Organizers of the memorial, which was viewed by more than 225,000 people, said its final arrival at the former Nazi death camp, where 1.1 million people were killed between 1941 and 1945, was timed to coincide with the anniversary of the May 8, 1945, end of World War II in Europe, Deutsche Welle reported Friday.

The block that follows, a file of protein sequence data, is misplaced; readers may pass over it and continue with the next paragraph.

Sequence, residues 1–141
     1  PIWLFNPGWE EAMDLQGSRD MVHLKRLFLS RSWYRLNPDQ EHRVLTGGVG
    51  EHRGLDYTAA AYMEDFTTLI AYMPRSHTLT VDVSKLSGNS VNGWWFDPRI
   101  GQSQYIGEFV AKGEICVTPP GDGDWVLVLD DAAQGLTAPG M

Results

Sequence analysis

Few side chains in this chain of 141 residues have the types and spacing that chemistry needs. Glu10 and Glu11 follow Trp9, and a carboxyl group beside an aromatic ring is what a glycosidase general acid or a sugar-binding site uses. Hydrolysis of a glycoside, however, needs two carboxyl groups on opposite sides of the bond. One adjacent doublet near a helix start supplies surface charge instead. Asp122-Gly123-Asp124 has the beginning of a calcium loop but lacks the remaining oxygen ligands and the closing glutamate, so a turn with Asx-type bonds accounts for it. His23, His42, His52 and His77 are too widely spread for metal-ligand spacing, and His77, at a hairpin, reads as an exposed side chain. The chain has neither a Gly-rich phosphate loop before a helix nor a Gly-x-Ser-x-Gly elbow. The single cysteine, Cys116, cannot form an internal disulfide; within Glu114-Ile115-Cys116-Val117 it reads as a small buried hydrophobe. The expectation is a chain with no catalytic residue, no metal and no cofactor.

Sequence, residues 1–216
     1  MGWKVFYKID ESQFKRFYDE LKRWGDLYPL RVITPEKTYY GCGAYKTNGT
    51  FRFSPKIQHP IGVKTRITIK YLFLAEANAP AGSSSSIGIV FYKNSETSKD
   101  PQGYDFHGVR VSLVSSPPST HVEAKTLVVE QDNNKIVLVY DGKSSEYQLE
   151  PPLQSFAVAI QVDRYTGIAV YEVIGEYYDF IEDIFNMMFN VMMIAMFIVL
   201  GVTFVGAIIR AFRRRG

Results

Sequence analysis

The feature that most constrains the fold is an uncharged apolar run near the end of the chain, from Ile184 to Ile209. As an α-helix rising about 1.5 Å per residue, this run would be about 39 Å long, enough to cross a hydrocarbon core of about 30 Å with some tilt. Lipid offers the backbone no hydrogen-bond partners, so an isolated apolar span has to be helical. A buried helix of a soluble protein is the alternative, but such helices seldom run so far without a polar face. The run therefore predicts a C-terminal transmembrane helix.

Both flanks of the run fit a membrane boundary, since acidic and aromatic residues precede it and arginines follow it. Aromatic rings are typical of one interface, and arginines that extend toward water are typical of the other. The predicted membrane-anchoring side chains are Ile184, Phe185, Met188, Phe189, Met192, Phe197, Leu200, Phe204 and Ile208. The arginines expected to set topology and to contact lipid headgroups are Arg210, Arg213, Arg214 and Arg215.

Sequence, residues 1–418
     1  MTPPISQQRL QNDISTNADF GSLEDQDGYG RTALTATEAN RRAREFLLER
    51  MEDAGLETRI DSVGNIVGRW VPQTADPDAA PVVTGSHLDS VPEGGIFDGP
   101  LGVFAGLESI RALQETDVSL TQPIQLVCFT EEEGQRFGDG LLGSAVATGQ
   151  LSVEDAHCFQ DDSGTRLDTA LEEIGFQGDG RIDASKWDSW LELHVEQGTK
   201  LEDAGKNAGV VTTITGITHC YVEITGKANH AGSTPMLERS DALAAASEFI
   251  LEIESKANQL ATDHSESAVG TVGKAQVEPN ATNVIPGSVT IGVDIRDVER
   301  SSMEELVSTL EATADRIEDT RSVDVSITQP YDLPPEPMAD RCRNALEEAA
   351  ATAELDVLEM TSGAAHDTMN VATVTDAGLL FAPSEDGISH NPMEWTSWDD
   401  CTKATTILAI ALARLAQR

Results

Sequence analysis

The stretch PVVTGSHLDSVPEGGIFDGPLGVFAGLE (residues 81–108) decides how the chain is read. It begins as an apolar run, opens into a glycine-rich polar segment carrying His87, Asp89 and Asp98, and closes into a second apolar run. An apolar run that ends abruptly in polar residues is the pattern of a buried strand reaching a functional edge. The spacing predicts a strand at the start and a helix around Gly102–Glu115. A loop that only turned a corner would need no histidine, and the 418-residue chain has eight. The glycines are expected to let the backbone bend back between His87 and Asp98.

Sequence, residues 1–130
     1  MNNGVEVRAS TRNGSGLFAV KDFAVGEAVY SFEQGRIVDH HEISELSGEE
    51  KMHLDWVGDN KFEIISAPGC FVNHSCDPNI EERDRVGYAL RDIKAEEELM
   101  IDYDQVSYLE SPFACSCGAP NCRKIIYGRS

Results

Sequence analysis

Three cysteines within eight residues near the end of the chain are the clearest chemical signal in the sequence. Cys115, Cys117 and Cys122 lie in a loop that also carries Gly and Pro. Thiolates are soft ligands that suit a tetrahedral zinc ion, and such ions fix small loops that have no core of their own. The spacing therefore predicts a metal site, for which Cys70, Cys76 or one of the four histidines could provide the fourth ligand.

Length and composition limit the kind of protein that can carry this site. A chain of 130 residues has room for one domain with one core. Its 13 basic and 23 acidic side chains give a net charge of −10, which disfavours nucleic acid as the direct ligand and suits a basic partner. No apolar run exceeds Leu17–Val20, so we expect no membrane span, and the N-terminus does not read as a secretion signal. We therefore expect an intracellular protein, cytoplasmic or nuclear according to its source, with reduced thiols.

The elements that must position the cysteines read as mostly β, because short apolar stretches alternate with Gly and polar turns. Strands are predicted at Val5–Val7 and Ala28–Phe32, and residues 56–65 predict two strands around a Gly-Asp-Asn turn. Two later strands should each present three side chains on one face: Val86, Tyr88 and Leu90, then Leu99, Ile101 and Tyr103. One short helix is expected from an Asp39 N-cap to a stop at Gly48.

The exhibit focused on the biographies of several children and teenagers deported by Germany's Nazi regime from October 1940 to December 1944.
"It's not easy to confront ourselves because we are not the victims but we are the sons and daughters of the perpetrators," organizer Hans Minow told Deutsche Welle. "We say this knowing that perhaps our fathers and mothers -- if not participated -- did not do what they had to do when the crimes started."
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